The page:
image file: d0cc06093c-f1.tif
Fig. 1 Experimental data at 250 °C and 25 bar for a CO2[thin space (1/6-em)]:[thin space (1/6-em)]CO = 2[thin space (1/6-em)]:[thin space (1/6-em)]1 feed with stoichiometric hydrogen. GC data (dots: DME (green), CO (red), CO2 (black), and methanol (blue)) and MS breakthrough profile for DME (green line) and H2O (light blue line).

image file: d0cc06093c-f2.tif
Fig. 2 Thermodynamic (maximally possible) carbon distribution without sorption enhancement versus experimentally obtained TPSA and PSA results for sorption enhanced DME synthesis. Conditions: 275 °C and 25 bar for a CO2[thin space (1/6-em)]:[thin space (1/6-em)]CO = 2[thin space (1/6-em)]:[thin space (1/6-em)]1 feed with stoichiometric hydrogen and CH4 tracer. TPSA: regeneration included heating up to 400 °C.

Following the proof of feasibility of pressure swing regeneration, the cycle design of the sorption enhanced process becomes essential. The combination of the adsorption duration (ADS) and regeneration time (DES) allows optimising the trade-off for DME selectivity and productivity, which is shown in Fig. 3. Shorter adsorption times potentially result in an increased production rate. The larger reactor column requirement (m3) when the purge time does not decrease with the adsorption time, however, results in a drop in cyclic productivity (kg h−1 m−3). Considering the minimum number of columns required for any given adsorption and purge time, the productivity could be significantly boosted for shorter cycle times with the highest ADS/DES ratio (red bars in Fig. 3). The productivities reported in Fig. 3 correspond to 0.04–0.06 kg h−1 kgcat−1. This is a major improvement compared to the previously reported TPSA cycle and close to direct DME pilot plant productivity for CO to DME, which would strongly deteriorate for CO2-rich feed.13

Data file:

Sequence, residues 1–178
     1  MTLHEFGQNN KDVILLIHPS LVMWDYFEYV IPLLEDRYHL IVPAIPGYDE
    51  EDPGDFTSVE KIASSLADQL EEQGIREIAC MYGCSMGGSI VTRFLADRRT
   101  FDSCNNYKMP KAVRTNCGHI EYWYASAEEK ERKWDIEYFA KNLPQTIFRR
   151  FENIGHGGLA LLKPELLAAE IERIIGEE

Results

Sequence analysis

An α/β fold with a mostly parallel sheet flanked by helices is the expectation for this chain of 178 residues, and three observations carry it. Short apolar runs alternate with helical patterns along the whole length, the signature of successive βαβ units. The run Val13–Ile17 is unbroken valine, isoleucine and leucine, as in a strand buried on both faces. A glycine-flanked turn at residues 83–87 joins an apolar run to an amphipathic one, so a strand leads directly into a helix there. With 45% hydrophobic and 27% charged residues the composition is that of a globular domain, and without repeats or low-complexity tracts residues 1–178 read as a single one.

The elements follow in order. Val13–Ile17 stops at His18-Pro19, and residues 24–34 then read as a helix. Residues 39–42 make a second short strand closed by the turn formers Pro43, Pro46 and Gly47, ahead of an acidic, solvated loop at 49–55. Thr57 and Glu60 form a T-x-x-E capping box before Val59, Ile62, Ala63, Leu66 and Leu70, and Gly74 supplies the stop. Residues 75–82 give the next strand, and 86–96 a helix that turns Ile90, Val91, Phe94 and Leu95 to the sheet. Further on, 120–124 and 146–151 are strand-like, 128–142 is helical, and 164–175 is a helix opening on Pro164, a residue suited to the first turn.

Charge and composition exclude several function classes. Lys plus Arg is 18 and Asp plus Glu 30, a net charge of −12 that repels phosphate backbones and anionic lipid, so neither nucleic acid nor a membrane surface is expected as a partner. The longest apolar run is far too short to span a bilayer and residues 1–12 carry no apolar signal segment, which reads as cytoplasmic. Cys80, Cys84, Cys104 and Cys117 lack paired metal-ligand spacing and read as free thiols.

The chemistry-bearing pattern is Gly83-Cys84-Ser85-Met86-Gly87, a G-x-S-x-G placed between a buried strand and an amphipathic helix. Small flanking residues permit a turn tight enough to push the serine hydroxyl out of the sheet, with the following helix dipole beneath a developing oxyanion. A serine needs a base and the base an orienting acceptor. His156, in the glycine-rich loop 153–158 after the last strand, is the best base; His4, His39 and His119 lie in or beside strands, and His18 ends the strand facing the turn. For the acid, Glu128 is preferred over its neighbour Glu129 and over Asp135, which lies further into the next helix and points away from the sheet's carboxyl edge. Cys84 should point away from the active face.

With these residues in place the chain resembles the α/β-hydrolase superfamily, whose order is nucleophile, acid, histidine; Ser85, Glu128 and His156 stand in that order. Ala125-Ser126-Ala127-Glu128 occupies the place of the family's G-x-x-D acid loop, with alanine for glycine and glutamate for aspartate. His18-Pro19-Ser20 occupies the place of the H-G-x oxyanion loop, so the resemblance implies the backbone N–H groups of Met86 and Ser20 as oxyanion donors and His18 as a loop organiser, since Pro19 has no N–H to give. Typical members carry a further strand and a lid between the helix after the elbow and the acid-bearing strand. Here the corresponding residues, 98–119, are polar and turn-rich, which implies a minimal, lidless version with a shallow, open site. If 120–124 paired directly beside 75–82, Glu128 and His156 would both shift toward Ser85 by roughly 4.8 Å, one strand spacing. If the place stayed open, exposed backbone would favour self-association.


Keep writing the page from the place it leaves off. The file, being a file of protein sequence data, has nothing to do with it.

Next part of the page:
image file: d0cc06093c-f3.tif
Fig. 3 Carbon selectivity and the productivity for the current number of columns (adsorption + purge time; red bars) as a function of ADS/DES ratio; integration until 5% CO2 breakthrough. Conditions: 250 °C and 25 bar for a CO2[thin space (1/6-em)]:[thin space (1/6-em)]CO = 2[thin space (1/6-em)]:[thin space (1/6-em)]1 feed with stoichiometric hydrogen and CH4 tracer.

This increase in productivity shows the impact of the demonstrated PSA regeneration on the SEDMES process performance. Benefiting from this work, optimisation of the cycle design by means of modelling and experimental validation should further unlock the potential of SEDMES as an efficient carbon utilisation technology. Followed by the techno-economic and life cycle analyses, the economic and carbon mitigating benefits of SEDMES over conventional DME synthesis technology can also now be addressed.

This work has received funding from the European Union's Horizon 2020 Research and Innovation Programme under grant agreement no. 727600.

Conflicts of interest

There are no conflicts to declare.


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Electronic supplementary information (ESI) available. See DOI: 10.1039/d0cc06093c